How to Shoot Yourself in the Foot When Presenting to the Board

By Robert McGarvey

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Question: are you a propeller-head? It’s an honest question, but before answering know that your boss and the company’s board do not want to have sit-down sessions with a propeller-head who intends to review the minute details of a proposed new data center. What they want to know is how much money this data center will save, how it will improve workflow, and as for the rest, forget about it. Boring, boring, boring. At least that is what the board thinks.

“This is exactly where most CIOs go wrong in talking with senior management and the board,” said Ilya Bogorad, principal of Bizvortex Consulting Group and an expert in helping CIOs learn to talk to their bosses. “Talk technically, which is what most CIOs do, and the board will see you just as the senior IT guy, never as a decision-maker.”

“When technologists talk technology, you can see the room’s eyes pull back in their heads,” adds General Harry Raduege, a onetime armed forces CIO who now is an executive with Deloitte’s Center for Network Innovation.

Fred Mapp, author of Mapping Information Technology to Your Business, agrees: “Use lots of jargon and you will lose your audience.”

If mistake No.1 is stressing technology, mistake No.2 is entirely missing what interests senior management. Which is? “You need to talk in a language the leaders in your business understand and that means money,” adds Frank Modruson, CIO at global consulting firm Accenture. “I grew up loving technology, but as CIO, it has to be all about the business. I cannot let myself get enamored with new technologies. The question has to be: 'How does it help the company?' That is what my boss and the board want to hear.”

Listen up: mastering this stuff matters a lot to your career. Silicon Valley headhunter Nancy Albertini who often is asked to fill CIO jobs said Requirement One in her searches is “the client wants a CIO who understands their business. This has become so important, really only since 2000. But today it is crucial.” Just a decade ago, Albertini elaborates, CIOs who knew tech but had little grasp of the overall business probably were the norm. That just does not cut it anymore.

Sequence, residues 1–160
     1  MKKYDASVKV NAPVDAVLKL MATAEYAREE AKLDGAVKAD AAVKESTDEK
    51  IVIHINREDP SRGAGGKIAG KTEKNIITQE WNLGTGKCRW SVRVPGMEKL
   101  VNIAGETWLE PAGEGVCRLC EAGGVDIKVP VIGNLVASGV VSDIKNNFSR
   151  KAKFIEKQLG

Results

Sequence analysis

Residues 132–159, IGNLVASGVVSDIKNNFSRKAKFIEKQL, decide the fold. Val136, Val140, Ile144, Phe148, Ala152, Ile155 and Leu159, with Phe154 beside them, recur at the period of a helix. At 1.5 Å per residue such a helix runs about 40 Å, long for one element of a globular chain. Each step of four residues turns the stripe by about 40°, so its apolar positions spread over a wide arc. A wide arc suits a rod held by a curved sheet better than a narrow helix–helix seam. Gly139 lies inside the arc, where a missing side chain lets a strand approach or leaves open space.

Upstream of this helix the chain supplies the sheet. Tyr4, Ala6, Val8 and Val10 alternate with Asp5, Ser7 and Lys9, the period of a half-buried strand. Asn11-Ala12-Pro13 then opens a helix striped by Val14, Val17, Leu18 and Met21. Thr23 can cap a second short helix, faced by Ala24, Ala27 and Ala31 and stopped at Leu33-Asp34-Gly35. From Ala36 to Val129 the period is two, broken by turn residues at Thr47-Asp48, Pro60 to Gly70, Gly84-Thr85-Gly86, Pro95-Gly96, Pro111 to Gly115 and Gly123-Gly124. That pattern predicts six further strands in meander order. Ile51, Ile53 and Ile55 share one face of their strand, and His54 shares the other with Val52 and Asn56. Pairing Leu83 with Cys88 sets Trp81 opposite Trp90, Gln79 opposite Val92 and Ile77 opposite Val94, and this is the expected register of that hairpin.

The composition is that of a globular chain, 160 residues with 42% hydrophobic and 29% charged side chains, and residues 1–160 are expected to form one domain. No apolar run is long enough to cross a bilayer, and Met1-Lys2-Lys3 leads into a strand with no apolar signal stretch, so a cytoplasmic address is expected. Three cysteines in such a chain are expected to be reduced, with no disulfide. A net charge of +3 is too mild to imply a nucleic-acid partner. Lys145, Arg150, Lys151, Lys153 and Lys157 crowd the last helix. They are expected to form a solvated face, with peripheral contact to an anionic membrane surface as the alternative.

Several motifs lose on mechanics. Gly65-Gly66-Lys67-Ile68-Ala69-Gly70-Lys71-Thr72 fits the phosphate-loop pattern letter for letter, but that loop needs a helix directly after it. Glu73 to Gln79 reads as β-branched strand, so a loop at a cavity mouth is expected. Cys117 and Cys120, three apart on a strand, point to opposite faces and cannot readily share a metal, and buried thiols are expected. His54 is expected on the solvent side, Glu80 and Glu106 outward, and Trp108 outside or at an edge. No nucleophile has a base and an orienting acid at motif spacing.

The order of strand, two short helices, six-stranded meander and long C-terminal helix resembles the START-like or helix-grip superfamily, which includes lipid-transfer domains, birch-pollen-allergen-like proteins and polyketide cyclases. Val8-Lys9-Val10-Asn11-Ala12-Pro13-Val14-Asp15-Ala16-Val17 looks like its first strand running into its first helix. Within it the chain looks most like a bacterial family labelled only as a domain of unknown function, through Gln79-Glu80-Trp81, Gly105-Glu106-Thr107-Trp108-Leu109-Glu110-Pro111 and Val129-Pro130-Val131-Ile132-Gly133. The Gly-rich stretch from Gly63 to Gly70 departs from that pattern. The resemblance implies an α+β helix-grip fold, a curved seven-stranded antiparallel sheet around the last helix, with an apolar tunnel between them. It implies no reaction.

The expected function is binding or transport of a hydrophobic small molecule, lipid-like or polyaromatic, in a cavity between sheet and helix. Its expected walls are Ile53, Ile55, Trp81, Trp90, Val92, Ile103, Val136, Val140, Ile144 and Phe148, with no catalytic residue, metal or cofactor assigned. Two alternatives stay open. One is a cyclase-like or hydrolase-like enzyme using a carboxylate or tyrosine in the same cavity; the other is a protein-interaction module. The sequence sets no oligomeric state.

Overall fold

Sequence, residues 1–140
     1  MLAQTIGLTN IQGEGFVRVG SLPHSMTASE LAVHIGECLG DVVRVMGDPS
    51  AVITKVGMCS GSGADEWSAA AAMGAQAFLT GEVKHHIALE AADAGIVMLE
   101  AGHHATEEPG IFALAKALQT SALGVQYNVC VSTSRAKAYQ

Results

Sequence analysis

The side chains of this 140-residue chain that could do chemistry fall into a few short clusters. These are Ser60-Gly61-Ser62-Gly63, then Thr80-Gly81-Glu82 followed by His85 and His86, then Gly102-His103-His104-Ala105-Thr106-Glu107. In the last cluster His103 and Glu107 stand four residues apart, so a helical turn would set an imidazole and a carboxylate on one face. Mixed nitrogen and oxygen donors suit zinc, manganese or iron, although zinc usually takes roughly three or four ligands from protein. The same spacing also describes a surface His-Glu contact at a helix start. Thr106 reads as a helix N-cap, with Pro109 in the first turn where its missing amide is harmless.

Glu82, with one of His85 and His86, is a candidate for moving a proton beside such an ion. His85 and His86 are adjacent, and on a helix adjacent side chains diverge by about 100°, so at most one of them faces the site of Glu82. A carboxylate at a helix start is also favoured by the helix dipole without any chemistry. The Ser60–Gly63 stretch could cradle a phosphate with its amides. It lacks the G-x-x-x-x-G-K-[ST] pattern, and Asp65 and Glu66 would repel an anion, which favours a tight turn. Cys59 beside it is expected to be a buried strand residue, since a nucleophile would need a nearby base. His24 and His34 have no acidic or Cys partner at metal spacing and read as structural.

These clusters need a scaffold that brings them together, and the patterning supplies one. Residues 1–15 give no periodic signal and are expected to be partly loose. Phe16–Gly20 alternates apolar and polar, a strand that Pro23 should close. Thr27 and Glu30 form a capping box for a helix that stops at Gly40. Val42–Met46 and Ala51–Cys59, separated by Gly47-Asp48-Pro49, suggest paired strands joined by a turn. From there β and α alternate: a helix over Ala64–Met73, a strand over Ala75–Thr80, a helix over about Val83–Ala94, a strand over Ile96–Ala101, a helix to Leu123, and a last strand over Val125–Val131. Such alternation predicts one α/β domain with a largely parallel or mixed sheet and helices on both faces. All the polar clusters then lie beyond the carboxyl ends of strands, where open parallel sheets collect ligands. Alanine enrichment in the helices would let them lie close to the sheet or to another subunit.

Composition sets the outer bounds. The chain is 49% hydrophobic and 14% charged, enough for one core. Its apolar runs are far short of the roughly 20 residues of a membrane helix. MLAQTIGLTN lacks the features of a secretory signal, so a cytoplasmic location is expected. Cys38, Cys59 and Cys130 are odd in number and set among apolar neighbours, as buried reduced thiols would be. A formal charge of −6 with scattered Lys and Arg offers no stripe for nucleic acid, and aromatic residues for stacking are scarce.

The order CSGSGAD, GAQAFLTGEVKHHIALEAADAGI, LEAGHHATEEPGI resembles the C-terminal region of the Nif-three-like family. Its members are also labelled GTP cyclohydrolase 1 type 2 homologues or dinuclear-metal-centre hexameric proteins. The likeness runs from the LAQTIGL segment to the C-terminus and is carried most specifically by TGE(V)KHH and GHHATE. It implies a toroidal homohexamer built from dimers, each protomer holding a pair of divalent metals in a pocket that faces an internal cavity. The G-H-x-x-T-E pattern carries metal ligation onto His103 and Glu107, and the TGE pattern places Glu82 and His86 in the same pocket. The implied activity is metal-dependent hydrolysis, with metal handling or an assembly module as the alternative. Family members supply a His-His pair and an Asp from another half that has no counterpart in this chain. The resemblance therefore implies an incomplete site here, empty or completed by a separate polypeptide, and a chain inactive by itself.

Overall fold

“Today, companies want a CIO who can sit at the executive table and understand what is going on. This transition has been very hard for some CIOs.”

Bottom line: moving up, even just getting a new gig may hinge on how persuasively a CIO projects a business image.

A Soldier's Course

As for getting there, General Raduege provides a roadmap that kept him on course when presenting to the nation’s senior military leaders—pretty much none of whom cared at all about technology because it's cool. “What I learned to do is put my presentations in operational terminology my audience understood and I never lost track of what mattered to them. Put presentations in their terms and they will listen.”

Adds Mapp: “Know the business’s objectives, state how the technologies will help get the business there, and you will hold your audience’s attention.”

Another tip for grabbing senior leadership’s attention: Go into meetings ready to talk about how you plan to manage costs, said Jeff Muscarella, managing partner at consulting firm NPI Financial. According to Muscarella, the savviest CIOs now are asking him for tips on spend management, working with procurement, and how to drive tight bargains while still delivering premium technology. And all this focus on managing the IT outlay is “new to most CIOs but it very much is what the board wants to hear,” said Muscarella.

If none of this sounds easy, relax, urges Kevin Kelly, CIO at the National Association of Social Workers. Kelly readily concedes that his senior management is about as uninterested in technology as you might guess and that means his is not necessarily easy sledding when he presents. The keys to succeeding are as simple as trial, error and persistence.

“You cannot take a class in communicating to your board,” he said. Maybe there are some, but they will not get the complexities of talking to your board, this time. And that is the CIO's challenge. Just be mindful of what is working, what isn’t, and build every future presentation on the successes of the past. “Learn what interests your senior leadership and be sure you are speaking to their concerns,” advises Kelly.

Want a fast summary of these ideas to use as your mantra when next a board-level presentation looms? General Raduege obliges: “Most people have no interest in technology.” In other words, technology does-not-matter, dollars do.

Memorize. Repeat.